16 October 2021
Comment from Councilor Groves: Another interesting opinion on the conversation of salmon versus dams and hydroelectric generation capacity, our northwest's largest source of renewable energy. I'm not taking position on this because I feel both concerns are valid. However, this debate does have real implications for our future regardless of the path we ultimately choose.
An opportunity for respectful dialogue on salmon and dams
Kurt Miller I’ve often told people that I was destined to become a hydropower advocate.
My formative upbringing took place at the edge of the Columbia River Gorge, the heartland of the largest hydropower system in the nation. My senior college thesis was written on the Bonneville Power Administration’s long-term transmission policy, and I received my first full-time professional job at BPA as an economist in its Power Supply division.
Since that time, I’ve spent the entirety of my 30-year career working on energy supply issues, in one form or another.
However, my hydropower advocacy might never have happened without Walt Pollock, the person who made my first professional opportunity possible.
Like he has with so many others in the electric utility world, Walt has been a mentor, and I’m proud to say after all of these years, we are still in touch.
Of course, that doesn’t mean we agree on everything. Walt recently wrote an op-ed endorsing the breaching of the lower Snake River dams. There is no question that Walt’s perspectives are sincere and thoughtful. I can speak to his genuine nature firsthand.
While I don’t agree with his conclusions, our friendship offers a safe space to engage in a candid, respectful public dialogue.
In Walt’s piece, he contends the lower Snake dams can be breached (i.e., removed) and replaced without increasing the threat of blackouts to the region.
I think his conclusion is a response to the wrong question because it seemingly looks at the electric grid in a static fashion.
The UN’s recent Code Red warning, combined with the announcement by more than 200 medical journals that climate change represents the single greatest threat to global public health, are powerful signs that we are behind, not ahead, in a race against time.
Any step backward, like breaching four dams, which provide enough zero-carbon energy to power a city the size of Seattle, digs a deeper a hole in our effort to retire and replace our existing coal and natural gas-fueled generating plants. Those carbon emitters make up about 40% of the Pacific Northwest’s energy supply.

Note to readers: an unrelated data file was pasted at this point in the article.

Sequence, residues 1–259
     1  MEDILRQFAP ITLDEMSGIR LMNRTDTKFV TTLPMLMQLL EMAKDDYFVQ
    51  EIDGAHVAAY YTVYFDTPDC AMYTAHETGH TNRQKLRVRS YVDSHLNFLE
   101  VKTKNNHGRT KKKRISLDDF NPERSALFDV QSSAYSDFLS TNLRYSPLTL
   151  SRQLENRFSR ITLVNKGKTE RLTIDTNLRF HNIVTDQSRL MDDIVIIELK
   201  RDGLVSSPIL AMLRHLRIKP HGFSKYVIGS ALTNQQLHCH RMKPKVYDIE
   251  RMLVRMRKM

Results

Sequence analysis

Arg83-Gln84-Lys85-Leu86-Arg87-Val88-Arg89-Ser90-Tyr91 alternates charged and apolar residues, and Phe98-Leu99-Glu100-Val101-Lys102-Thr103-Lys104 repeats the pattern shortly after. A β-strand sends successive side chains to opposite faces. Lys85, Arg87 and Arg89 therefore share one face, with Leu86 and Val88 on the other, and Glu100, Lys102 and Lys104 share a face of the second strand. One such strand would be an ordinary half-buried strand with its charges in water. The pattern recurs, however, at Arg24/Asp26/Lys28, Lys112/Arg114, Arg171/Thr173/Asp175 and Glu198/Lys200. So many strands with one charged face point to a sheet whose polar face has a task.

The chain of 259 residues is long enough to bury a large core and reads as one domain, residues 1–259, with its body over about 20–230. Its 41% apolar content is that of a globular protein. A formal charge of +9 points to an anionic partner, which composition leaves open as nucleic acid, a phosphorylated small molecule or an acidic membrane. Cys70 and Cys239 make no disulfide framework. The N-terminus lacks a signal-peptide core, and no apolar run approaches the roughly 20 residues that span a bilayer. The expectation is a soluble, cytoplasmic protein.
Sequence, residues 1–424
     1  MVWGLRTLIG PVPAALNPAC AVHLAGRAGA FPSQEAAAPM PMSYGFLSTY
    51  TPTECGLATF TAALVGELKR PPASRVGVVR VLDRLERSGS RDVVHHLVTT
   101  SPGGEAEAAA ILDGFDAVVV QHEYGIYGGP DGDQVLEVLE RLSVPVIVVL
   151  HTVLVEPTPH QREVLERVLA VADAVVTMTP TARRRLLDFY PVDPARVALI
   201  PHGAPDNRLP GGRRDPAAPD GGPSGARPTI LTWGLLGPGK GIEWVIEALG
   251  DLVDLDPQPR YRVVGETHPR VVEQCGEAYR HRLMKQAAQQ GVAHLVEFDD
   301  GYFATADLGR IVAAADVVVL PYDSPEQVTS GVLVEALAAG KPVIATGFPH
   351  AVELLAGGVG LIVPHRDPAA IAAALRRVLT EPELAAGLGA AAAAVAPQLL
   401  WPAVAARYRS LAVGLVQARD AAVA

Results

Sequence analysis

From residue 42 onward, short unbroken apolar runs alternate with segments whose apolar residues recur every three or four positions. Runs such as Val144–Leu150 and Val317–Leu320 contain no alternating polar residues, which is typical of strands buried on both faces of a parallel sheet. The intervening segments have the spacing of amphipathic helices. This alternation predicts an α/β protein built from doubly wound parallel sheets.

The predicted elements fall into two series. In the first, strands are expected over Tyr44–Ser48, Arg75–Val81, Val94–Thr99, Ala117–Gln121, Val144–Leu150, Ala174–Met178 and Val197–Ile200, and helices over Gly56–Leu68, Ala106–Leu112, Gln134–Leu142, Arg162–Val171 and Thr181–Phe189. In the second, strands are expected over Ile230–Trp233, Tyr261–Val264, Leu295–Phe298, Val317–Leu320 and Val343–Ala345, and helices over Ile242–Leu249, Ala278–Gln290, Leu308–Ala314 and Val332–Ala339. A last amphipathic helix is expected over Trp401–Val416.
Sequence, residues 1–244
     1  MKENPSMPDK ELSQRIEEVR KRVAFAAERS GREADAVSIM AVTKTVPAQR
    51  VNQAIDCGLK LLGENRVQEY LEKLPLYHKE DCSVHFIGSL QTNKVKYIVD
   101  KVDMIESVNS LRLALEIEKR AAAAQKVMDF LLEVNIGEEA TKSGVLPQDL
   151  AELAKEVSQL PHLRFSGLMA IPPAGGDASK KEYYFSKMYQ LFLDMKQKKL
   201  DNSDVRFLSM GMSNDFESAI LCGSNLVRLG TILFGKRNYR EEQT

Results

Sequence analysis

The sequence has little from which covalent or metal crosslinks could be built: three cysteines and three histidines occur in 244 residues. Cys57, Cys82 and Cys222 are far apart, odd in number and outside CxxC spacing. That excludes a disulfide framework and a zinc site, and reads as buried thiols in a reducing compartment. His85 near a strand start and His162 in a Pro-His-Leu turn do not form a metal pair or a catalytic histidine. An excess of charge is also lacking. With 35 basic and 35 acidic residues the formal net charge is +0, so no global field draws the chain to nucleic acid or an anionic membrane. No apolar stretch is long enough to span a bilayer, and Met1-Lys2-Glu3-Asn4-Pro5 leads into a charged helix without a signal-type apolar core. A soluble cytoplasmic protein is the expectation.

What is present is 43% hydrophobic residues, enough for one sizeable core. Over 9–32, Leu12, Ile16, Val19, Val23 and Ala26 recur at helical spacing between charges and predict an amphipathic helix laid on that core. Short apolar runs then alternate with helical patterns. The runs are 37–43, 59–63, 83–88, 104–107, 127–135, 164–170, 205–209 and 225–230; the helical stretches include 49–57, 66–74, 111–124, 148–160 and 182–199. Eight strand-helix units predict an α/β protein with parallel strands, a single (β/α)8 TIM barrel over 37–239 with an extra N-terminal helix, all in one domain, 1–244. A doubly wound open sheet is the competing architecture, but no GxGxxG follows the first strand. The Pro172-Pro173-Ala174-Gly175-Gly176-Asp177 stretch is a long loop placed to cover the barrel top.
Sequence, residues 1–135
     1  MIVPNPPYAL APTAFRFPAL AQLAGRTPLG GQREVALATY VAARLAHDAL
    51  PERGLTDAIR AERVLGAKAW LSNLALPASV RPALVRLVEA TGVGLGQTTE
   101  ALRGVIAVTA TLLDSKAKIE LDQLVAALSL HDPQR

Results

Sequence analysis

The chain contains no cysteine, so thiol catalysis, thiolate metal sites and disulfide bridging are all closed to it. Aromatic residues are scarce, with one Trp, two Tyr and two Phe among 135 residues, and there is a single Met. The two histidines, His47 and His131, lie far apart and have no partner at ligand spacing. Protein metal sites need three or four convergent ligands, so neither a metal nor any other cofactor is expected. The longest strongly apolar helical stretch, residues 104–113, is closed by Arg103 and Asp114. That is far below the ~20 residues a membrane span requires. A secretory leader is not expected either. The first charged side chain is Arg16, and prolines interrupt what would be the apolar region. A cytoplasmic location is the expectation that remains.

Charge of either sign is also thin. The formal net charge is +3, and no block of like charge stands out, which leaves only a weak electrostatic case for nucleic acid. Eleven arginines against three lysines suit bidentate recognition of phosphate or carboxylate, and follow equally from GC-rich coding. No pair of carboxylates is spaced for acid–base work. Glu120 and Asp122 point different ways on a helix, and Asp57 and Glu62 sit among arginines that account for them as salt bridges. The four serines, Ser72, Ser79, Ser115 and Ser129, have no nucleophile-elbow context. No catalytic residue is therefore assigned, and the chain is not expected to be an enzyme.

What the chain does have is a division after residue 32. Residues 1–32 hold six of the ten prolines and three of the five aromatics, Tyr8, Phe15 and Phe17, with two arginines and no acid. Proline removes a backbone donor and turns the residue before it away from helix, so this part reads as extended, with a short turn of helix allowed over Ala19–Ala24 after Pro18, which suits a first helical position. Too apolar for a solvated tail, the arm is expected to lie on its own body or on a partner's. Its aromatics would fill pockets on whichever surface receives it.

From a public safety and decarbonization perspective, breaching dams should be off the table until the effort to eliminate fossil-fueled resources is fully accomplished. This ensures our grid can handle the transition.
Walt notes a renegotiated Columbia River Treaty with Canada could provide a new, important source of energy for the region. While we agree the treaty should be renegotiated to be fairer to U.S. interests, British Columbia — where the Canadian treaty dams are located — already acts as part of the western grid. Even with a new agreement, we’d only be dividing up the energy pie differently, not adding any renewable megawatts to the western region.
Lastly, we completely agree salmon recovery is of paramount importance for the Northwest at large and especially for Native American tribes. That said, the region’s understanding of salmon science and climate change has meaningfully advanced since the 1944 report to which Walt refers.
A 2019 report from the UN’s Intergovernmental Panel on Climate Change says as much about marine fish populations across the planet. The report specifically points to unabated warming oceans over the past 50 years as the main driver for declines.
a peer-reviewed scientific paper on nature.com published this year by NOAA Fisheries indicates that climate change-induced ocean warming represents an extinction-level threat to Chinook populations in the Pacific Northwest.
In short, slowing down our decarbonization efforts may represent a step backwards for salmon.
What I take away from this difference of opinion with my long-time mentor is there is room for respectful disagreement. Hopefully having these types of candid exchanges can advance our shared understanding and set an example for others that open dialogue is superior to courtroom tussles.
Kurt Miller is the executive director of Northwest RiverPartners, a not-for-profit organization that advocates hydropower for a better Northwest.